Senator McConnell’s Mistaken Claims Regarding National Debt and Social Security

In a recent interview with Reuters, Senate Majority Leader Mitch McConnell blamed social programs such as Medicare, Medicaid, and Social Security for the $779 billion federal budget deficit (the largest since 2012 and a 77 percent increase from $439 billion in 2015). “Entitlements are the long-term drivers of the debt,” he stated. “We can’t sustain the Medicare we have at the rate we’re going and that’s the height of irresponsibility.

House Minority Leader Nancy Pelosi responded in a press release, “Under [this] agenda, we can afford tax cuts for billionaires, but not the benefits our seniors have earned.” In last week’s episode of Legal Eagles Radio hosted by Pond Lehocky’s Managing Partner Sam Pond, Sam shared similar sentiments along with his disdain for the word “entitlement” in regards to Social Security and the negative connotations it carries. “It’s not an entitlement,” Sam explains, “Stop having these folks, these politicians change the law and change our system to take away the benefit you paid for by having 6.2% of your paycheck taken for Social Security. You paid for it. And you earned interest on that money under that fund.” Partner Tom Giordano, Jr. adds, “We didn’t ask for that money to be taken out. It just was. The FICA tax–it pays for three things: Social Security retirement, Medicare, and Social Security disability.”

McConnell claims that America will not have enough prime-age workers to support its retired population due to demographic changes that Congress can’t control. However, there’s an overwhelming population of working-age foreigners who would embrace the opportunity to immigrate to the US and contribute funds, so that they could also benefit at retirement.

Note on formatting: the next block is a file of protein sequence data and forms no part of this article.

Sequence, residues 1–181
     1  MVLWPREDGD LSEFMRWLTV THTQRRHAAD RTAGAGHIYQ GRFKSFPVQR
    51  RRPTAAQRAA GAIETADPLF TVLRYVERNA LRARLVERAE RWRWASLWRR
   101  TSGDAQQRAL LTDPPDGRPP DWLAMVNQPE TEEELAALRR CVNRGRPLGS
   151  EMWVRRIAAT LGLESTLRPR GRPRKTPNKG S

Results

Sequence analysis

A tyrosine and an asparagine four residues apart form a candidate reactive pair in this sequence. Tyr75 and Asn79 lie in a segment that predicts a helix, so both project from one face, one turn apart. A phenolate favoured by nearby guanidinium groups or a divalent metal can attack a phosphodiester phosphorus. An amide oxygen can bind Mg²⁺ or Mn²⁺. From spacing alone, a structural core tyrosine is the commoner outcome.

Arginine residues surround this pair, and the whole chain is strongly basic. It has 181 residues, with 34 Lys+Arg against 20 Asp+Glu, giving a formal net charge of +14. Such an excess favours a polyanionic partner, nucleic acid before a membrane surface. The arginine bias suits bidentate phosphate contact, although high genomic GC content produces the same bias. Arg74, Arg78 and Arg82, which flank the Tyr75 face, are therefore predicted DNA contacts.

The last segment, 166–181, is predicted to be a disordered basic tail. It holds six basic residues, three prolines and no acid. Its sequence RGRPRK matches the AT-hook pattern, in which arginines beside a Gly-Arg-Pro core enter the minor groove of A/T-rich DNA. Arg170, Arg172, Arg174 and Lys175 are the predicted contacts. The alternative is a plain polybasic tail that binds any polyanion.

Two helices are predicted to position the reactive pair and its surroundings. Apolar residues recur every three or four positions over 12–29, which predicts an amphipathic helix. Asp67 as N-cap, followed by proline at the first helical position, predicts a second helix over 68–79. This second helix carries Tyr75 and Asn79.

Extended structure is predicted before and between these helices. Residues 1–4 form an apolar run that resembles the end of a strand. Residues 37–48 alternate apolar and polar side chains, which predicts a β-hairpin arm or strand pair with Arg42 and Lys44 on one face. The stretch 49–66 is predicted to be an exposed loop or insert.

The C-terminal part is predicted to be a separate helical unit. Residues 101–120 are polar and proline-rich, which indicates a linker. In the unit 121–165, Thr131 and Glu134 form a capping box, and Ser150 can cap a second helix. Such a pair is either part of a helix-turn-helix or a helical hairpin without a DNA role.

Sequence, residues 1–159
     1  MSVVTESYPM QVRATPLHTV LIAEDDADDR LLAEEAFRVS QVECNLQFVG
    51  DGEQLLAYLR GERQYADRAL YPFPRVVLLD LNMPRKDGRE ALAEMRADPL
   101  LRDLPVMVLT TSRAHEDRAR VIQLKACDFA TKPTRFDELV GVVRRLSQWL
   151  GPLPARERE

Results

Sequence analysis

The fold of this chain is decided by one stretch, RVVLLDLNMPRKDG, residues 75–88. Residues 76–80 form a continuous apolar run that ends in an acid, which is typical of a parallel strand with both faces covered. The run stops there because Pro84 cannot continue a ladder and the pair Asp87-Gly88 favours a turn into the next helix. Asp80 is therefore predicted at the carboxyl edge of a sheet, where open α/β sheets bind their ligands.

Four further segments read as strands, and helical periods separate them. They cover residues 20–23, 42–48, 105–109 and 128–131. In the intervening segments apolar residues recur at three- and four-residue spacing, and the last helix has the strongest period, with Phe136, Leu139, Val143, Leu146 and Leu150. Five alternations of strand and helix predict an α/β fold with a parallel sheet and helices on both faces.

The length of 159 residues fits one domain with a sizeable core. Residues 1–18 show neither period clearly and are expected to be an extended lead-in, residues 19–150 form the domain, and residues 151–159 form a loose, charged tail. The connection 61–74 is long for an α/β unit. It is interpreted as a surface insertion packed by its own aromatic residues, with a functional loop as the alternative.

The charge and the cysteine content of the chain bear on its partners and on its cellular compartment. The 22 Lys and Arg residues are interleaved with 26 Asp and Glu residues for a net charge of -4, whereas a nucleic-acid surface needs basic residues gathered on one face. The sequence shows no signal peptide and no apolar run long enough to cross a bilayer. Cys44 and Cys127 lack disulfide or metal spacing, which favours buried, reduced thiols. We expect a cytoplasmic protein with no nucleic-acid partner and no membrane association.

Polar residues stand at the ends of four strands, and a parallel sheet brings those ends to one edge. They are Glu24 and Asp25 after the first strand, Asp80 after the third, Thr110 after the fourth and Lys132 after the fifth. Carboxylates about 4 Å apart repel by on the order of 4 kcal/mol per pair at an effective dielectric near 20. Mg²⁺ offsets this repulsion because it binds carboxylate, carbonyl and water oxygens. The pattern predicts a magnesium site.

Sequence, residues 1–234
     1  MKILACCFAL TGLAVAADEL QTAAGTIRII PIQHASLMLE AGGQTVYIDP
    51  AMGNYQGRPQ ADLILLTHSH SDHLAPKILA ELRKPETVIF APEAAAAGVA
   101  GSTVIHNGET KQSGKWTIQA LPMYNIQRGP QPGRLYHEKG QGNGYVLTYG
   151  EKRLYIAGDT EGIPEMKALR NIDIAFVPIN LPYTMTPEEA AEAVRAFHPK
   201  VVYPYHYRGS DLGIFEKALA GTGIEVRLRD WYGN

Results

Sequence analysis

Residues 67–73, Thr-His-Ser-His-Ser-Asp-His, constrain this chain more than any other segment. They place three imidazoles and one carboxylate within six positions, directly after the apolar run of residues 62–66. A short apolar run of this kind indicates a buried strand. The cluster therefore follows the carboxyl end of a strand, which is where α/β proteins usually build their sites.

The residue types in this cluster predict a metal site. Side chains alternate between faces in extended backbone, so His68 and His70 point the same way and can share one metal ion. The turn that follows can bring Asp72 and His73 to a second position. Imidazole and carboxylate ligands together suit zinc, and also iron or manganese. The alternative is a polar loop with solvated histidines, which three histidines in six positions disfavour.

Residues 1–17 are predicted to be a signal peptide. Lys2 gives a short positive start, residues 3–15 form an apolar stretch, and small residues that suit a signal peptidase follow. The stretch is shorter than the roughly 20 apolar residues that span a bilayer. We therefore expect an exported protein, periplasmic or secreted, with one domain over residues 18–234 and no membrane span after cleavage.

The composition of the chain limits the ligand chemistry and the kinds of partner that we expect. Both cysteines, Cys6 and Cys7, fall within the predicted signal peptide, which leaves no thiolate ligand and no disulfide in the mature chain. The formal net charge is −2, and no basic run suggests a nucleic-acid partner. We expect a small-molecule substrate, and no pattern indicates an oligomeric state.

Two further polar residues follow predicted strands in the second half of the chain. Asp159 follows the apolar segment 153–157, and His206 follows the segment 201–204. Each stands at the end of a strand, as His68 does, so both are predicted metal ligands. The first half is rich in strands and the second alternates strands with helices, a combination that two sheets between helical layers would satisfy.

A common argument from the GOP regarding the deficit is that America cannot reduce its military spending. For example, when President Trump was asked in a recent AP interview about the trillion dollar deficit after he had railed on President Obama over deficits, Trump responded, “No. 1, I had to take care of our military. I had no choice but to do it, and I want to take care of our military. We had to do things that we had to do. And I’ve done them.”

In reality, popular support for current levels of military spending is much weaker than for the maintenance of benefits at their current levels, according to a U.S. News poll. Our nation’s military budget exceeds those of other countries, as shown in this graph by the Peter G. Peterson Foundation. There has been no factual, mathematical support showing that military funds cannot be cut while aid to seniors can be.

When asked about Mitch McConnell’s consideration for entitlement reform, Trump replied: he hasn’t heard that. “I haven’t heard that,” he repeated, ” I’m leaving Social Security. I’m not touching Social Security.”

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